The Magic of the Cities.

Zen promotes the rediscovery of the obvious, which is so often lost in its familiarity and simplicity. It sees the miraculous in the common and magic in our everyday surroundings. When we are not rushed, and our minds are unclouded by conceptualizations, a veil will sometimes drop, introducing the viewer to a world unseen since childhood. ~ John Greer

Tuesday, June 28, 2016

National Museum of Viceroyalty

The complex was built by the Jesuits starting in the 1580s. Here, were founded three centers of learning: a school to teach indigenous languages to Jesuit evangelists, a school for Indian boys and the College of San Francisco Javier, to train Jesuit priests. The complex comprises three sections: the College area, with dormitories, library, kitchen, domestic chapel etc.; the Church of San Francisco Javier; and the Church of San Pedro Apostol. The former college and the Church of San Francisco Javier have been converted into the Museo del Virreinato, with the former college area housing a large collection of art and ordinary objects from the colonial era, and the Church of San Francisco Javier housing one of the most important collections of Churrigueresque altarpieces in Mexico. The Church of San Pedro Apostol is the only part of the entire complex that is still used for religious purposes. [Wiki]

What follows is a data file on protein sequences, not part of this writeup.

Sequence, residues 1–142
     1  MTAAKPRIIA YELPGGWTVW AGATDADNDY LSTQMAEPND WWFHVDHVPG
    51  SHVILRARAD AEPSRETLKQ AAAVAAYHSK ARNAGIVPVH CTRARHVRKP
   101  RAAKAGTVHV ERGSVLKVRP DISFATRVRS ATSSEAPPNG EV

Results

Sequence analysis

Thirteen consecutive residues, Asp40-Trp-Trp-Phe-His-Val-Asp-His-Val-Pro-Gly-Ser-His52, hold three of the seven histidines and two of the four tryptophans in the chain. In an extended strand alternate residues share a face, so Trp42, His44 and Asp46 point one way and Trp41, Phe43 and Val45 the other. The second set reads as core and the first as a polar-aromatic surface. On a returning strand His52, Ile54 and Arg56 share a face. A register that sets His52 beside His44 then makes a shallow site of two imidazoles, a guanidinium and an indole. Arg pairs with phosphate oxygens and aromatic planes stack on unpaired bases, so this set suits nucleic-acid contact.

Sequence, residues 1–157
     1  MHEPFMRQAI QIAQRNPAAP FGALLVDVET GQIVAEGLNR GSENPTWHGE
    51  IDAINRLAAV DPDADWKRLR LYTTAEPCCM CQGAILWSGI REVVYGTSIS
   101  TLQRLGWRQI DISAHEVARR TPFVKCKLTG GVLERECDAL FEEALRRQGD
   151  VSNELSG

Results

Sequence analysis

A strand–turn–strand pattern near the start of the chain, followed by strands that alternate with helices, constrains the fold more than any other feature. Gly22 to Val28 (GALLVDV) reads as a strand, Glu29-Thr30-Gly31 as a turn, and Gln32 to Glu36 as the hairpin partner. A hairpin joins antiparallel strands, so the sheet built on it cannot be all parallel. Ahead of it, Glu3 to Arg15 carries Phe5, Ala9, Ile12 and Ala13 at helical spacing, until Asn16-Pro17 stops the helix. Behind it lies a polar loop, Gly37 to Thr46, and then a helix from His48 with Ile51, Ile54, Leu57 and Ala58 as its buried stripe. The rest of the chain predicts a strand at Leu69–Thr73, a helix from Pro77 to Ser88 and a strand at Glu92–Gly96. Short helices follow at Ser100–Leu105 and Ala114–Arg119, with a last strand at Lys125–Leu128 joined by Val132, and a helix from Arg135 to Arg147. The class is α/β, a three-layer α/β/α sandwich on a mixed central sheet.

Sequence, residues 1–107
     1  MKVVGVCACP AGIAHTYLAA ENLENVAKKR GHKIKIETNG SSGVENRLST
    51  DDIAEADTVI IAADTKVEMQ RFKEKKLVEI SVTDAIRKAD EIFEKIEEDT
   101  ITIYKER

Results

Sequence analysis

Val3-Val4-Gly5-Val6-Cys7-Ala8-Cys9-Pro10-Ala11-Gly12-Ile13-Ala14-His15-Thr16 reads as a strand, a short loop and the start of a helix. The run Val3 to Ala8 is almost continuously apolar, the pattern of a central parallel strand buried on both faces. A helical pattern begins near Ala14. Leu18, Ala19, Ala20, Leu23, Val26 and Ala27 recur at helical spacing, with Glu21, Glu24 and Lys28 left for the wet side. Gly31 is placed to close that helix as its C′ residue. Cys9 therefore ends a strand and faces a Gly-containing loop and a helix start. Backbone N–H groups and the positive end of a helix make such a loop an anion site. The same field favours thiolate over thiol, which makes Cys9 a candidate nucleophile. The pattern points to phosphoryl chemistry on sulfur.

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NCSue said...

Thank you for sharing at

PerthDailyPhoto said...

Tres interesting series of images Carraol, sounds fascinating inside also!

Lessandra said...

Wonderful group of photos!

Halcyon said...

An interesting mix of images. The Jesuits certainly got around in their heyday, esp in Mexico.